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In a recent review essay in this journal, Marjorie Grene (1997) remarked that the philosophy of biology is a recent addition to the subfields of academic philosophy. If philosophy of biology is the younger sibling, then the philosophy of chemistry must be the infant of the family. However, the books under review here 1 and a recent explosion of professional activities 2 indicate that the child has a lusty cry. Part of that lustiness is certainly due to the fact that some of the work, like recent philosophy of science and the history of philosophy more generally (cf. Wilson 1992; Friedman 1997, 1998), takes seriously the notion that philosophical issues in the sciences arise within particular but conversationally diverse historical and sociological contexts. [End Page 409]

As a result, readers of this journal should be interested in the books reviewed here. Taken collectively, they argue that we must pay attention to the historically and socially situated nature of both theoretical and experimental practice, of the articulation (or lack thereof) of experiment and theory, and of the legitimation of the discourse of various subdisciplines. Moreover, they demonstrate that the chemical sciences raise these issues in interesting and sometimes unique ways. Chemists should also be interested. These books show that chemistry is deeply conditioned by its history and that it always has been, and still is, imbued by philosophical questions. Last but not least, since many of these books are explicitly philosophical, philosophers of chemistry should be interested in how practitioners treat issues in the nascent discipline. After all, discipline formation makes a difference, even in philosophy. Both Grene and Bensaude-Vincent and Stengers argue that “comfortable generalities” must give way to “local circumstantial analyses” of the practices of scientists and groups of scientists (Bensaude-Vincent and Stengers 1996, p. 9; cf. Grene 1997, p. 273). This is a valuable point to keep in mind.

I begin by discussing how the authors treat issues in experiment, theory, and the social responsibilities of scientists. I then turn to issues and themes addressed in somewhat unique ways in the chemical sciences. These include identity, synthesis, catalysis, and the divide between the natural and the artificial.

Laboratory Practice

In the minds of many, chemistry is the laboratory science par excellence. Thus, one would think that students of science interested in experiment and laboratory practice should be interested in chemistry. The works under review here bear out that judgment while also indicating that historians and philosophers of chemistry have something to learn from the recent literature on experiment.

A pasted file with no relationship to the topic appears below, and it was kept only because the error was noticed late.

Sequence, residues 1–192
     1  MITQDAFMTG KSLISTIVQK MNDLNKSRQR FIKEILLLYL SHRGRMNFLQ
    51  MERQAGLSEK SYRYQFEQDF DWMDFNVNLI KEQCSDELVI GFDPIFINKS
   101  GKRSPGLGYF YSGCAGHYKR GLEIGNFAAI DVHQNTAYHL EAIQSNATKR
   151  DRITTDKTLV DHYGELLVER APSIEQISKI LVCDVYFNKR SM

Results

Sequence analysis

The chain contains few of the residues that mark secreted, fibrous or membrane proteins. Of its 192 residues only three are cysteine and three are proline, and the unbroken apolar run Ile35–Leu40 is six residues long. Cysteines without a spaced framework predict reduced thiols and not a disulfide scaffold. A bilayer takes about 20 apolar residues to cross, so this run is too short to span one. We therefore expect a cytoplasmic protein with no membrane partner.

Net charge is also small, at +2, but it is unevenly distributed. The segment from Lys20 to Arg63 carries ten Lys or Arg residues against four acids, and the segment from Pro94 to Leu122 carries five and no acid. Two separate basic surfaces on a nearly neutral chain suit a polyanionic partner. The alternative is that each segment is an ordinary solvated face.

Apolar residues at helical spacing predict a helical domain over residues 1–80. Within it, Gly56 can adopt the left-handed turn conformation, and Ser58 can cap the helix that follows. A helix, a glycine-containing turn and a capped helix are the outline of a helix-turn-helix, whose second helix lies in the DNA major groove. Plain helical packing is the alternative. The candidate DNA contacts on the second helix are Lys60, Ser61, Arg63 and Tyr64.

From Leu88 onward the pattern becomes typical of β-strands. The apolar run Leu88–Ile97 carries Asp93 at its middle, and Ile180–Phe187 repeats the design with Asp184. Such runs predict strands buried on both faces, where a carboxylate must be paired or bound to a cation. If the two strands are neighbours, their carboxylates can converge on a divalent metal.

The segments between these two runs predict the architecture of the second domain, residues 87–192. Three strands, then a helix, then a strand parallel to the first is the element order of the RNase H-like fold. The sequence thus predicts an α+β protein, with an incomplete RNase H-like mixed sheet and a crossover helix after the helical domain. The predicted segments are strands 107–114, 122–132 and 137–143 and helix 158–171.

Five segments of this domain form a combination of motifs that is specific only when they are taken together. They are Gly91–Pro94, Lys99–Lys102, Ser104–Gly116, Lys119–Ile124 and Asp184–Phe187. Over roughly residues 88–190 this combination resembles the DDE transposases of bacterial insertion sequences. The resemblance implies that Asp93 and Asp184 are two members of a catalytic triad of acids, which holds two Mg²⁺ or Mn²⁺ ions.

Bensaude-Vincent and Stengers’s book offers an extended argument for the importance of laboratory practice in historical, philosophical, and sociological studies of the sciences. Their object in writing A History of Chemistry was to “establish chemistry’s position in the world of knowledge and culture” by examining “a combination of three factors that were constantly being redefined: laboratory techniques, professions, and institutions” (1996, pp. 6–7). For them, “the true subjects of this history . . . are the various investigative practices—research strategies, experimental and mental tools—that chemists have devised, as well as laboratory instruments, materials, procedures, institutions, courses and credits. We . . . describe a gamut, if not complete at least varied, of practices that organized the field of chemistry around projects or research programs” (1996, pp. 8–9). [End Page 410] Bensaude-Vincent and Stengers are deeply aware of the ways in which practice encompasses more than just experiment, but they are equally aware that laboratory techniques are of central importance in chemistry.

Their book is filled with examples that illustrate this point. They claim that during the nineteenth century, substitution studies, in which one element is replaced by another in a compound, were driven largely by experimental practices. Although studies of, say, the replacement of hydrogen by chlorine in hydrocarbons did lead to new concepts and new theories, these theoretical developments did not organize the investigation. Similarly, they argue that Berzelius and Leibig did not see the synthesis of urea as disconfirming a grand metaphysical belief in vital forces. Rather, it raised the question of how materials with the same constitutional formula (potassium cyanate...

Additional Information

ISSN
1530-9274
Print ISSN
1063-6145
Pages
pp. 409-427
Launched on MUSE
1998-12-01
Open Access
No
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